Objective: To investigate the relationship between Ureaplasma urealyticum infection of the placenta and premature onset of labor.
Methods: We studied 647 pregnancies that resulted in the live birth of an infant weighing less than 1501 g. The chorionic surface of the placenta was cultured for U urealyticum, Mycoplasma hominis, and group B streptococci.
Results: The rate of ureaplasma isolation increased with increasing interval between rupture of membranes and delivery. When analyses were limited to the 96 singleton pregnancies that ended within 1 hour of rupture of membranes and before the 29th week of gestation, U urealyticum was prominently associated with an increased risk of premature onset of labor (P = .008 unadjusted, and P = .05 when adjustment was made for all potential confounders). Ureaplasma infection rate was lowest in pregnancies terminated because of severe maternal preeclampsia or progressive fetal growth restriction.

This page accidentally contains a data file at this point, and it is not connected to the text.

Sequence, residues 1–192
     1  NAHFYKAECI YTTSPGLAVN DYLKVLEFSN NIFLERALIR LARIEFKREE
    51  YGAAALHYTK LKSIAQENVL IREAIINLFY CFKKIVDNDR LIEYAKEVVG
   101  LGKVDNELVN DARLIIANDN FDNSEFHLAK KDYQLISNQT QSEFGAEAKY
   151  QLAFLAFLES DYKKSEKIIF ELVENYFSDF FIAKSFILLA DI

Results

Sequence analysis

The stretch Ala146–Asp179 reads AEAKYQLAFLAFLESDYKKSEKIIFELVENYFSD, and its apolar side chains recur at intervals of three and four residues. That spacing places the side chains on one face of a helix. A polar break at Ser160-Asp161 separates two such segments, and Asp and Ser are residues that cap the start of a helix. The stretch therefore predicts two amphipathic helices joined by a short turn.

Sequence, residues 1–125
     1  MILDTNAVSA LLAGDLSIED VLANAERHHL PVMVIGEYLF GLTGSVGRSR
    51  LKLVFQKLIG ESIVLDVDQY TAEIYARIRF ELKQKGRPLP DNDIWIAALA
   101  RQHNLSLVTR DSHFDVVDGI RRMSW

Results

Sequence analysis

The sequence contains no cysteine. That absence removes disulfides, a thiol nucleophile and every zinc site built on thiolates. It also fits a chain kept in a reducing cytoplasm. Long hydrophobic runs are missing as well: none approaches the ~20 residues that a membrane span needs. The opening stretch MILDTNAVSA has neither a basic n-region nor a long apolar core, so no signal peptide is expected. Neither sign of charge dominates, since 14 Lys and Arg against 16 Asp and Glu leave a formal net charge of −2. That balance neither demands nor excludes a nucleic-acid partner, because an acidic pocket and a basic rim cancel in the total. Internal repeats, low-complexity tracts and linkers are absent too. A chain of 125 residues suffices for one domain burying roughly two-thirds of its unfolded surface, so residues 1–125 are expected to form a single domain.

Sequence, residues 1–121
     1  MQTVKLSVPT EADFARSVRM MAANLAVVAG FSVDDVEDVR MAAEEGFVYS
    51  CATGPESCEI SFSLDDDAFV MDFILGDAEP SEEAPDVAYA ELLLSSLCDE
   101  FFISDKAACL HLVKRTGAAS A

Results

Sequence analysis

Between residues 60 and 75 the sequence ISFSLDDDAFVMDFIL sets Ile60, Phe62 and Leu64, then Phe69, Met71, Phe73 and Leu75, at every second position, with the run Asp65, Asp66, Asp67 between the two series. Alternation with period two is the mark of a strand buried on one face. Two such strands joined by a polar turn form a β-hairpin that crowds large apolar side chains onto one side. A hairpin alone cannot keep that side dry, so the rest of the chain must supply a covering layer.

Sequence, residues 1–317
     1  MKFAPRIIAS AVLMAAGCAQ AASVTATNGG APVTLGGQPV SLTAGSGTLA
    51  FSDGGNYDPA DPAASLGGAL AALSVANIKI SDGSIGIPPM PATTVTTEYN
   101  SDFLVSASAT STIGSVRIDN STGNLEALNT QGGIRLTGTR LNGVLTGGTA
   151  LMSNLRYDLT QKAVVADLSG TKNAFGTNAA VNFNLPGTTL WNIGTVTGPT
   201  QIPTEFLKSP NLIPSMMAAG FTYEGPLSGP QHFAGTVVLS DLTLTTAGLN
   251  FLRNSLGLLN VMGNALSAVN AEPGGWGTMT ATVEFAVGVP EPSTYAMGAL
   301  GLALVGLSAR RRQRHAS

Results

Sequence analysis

Conclusion: Ureaplasma urealyticum infection is associated with premature onset of labor and with increasing duration of time between rupture of membranes and delivery. Eradication of ureaplasmas from the urogenital tract of women and their partners, ideally before conception, should be considered.